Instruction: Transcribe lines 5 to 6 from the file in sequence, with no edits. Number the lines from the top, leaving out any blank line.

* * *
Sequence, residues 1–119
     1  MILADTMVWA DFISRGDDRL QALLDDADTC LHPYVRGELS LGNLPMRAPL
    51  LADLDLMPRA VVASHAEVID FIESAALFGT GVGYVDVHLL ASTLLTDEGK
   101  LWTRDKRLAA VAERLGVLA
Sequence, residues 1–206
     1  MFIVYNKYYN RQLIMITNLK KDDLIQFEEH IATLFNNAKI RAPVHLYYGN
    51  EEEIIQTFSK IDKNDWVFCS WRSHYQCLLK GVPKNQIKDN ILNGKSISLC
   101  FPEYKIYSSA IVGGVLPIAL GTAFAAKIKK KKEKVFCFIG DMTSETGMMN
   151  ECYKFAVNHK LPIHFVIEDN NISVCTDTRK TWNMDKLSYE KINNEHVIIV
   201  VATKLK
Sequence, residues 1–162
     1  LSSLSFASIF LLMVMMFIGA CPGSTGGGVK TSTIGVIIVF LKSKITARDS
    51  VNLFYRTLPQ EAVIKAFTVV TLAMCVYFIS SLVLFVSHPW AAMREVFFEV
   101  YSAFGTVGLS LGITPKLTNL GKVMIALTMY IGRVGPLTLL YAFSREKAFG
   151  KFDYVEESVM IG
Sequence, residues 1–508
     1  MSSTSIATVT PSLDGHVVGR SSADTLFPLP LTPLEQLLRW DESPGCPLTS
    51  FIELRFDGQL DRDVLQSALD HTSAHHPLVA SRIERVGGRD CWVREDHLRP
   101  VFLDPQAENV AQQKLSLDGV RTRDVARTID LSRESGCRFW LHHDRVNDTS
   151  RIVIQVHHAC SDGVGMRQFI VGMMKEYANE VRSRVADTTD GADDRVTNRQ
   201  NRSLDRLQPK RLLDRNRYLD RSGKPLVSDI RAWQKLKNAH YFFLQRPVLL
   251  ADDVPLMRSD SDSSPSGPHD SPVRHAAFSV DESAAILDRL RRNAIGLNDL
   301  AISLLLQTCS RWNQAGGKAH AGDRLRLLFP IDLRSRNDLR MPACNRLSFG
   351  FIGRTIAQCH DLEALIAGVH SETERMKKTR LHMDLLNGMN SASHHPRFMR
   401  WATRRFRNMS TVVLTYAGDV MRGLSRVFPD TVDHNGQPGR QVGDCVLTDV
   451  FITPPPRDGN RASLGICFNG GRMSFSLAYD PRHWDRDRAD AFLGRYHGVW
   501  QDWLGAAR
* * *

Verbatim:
Sequence, residues 1–206
     1  MFIVYNKYYN RQLIMITNLK KDDLIQFEEH IATLFNNAKI RAPVHLYYGN